The EOS-03 launch will be the second flight for the Geosynchronous Satellite Launch Vehicle (GSLV) Mk II, which had last blasted off with the ambitious Chandrayaan-2 spacecraft.
GSLV Mk II on launchpad with the Earth Observation Satellite. (Photo: Twitter/Isro)
The Indian Space & Research Organisation (Isro) completed filling the propellant on the GSLV-F10 Wednesday after it was wheeled onto the launchpad a day before. The rocket will blast off in the wee hours of Thursday with the Earth Observation Satellite.
The space agency maintained that the launch is scheduled for 5:43 am. The August 12 launch will be the second flight for the Geosynchronous Satellite Launch Vehicle (GSLV) Mk II, which had last blasted off with the ambitious Chandrayaan-2 spacecraft to the Moon.
“The countdown for the launch of GSLV-F10, EOS-03 mission commenced at 0343Hrs (IST) from Satish Dhawan Space Centre (SDSC) SHAR, Sriharikota,” the space agency said in a tweet. The final launch will depend on weather conditions as the agency keeps a close watch on environmental developments in the region.
Isro aims to gain its lost pace due to Covid-19, which saw most of its mission come to a gruelling halt as lockdown forced engineers and scientists to work remotely. With the launch of the satellite, Isro will follow it up with another liftoff in September of EOS-4, a radar imaging satellite with Synthetic Aperture Radar (SAR) that can capture during day and night while looking through cloud cover. The satellite will be launched onboard a Polar Satellite Launch Vehicle (PSLV).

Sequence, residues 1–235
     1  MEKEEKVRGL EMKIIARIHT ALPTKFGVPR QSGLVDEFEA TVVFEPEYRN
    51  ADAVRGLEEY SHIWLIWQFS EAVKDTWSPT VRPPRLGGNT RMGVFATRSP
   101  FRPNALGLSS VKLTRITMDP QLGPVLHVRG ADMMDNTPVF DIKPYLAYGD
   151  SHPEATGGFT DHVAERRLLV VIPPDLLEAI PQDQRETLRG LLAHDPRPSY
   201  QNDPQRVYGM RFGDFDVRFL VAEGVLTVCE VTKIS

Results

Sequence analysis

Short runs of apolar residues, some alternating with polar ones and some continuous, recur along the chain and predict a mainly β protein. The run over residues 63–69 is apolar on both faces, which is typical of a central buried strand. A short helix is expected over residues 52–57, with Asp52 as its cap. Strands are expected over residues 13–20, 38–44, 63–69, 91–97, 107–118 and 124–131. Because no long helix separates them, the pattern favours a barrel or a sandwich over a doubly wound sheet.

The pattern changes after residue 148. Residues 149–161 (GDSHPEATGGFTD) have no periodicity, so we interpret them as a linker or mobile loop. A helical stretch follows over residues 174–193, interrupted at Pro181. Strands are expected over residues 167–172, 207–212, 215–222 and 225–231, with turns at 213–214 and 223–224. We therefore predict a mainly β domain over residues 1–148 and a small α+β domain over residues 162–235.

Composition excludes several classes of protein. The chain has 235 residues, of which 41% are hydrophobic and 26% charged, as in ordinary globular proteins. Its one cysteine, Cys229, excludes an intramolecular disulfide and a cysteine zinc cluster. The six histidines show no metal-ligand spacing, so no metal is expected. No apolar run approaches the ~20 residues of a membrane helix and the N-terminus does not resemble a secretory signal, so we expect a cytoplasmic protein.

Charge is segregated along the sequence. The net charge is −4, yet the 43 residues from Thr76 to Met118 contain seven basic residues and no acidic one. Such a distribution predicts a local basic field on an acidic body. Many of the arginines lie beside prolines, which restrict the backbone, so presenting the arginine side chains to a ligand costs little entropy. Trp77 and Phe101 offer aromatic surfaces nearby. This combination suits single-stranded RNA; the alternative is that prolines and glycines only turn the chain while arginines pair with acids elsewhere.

The GSLV flight will be carrying the satellite in a 4 metre diameter-Ogive shaped payload fairing. (Photo: Isro)
The agency is also in plans to launch a three-stage, all-solid launch vehicle, the Small Satellite Launch Vehicle (SSLV) by the end of this year. The rocket can carry a payload weighing 500 kilograms to the polar orbit, 500 kilometres above Earth’s surface and a 300-kilogram payload into the Sun Synchronous Polar Orbit.
The Earth Observation Satellite set to be launched on Thursday will be placed in the geosynchronous transfer orbit by GSLV after which it will move in sync with Earth. It will play a key role in disaster management and mitigation for India as it enables near-real-time monitoring of natural disasters like floods and cyclones that have become common in the Indian subcontinent.
Once operational, the satellite will image the whole country four to five times on a daily basis, sending in key data related to weather and environmental change to different agencies.
The GSLV flight will be carrying the satellite in a 4 metre diameter-Ogive shaped payload fairing, which is being flown for the first time, which has so far conducted 13 other flights deploying satellite and partner missions into space.
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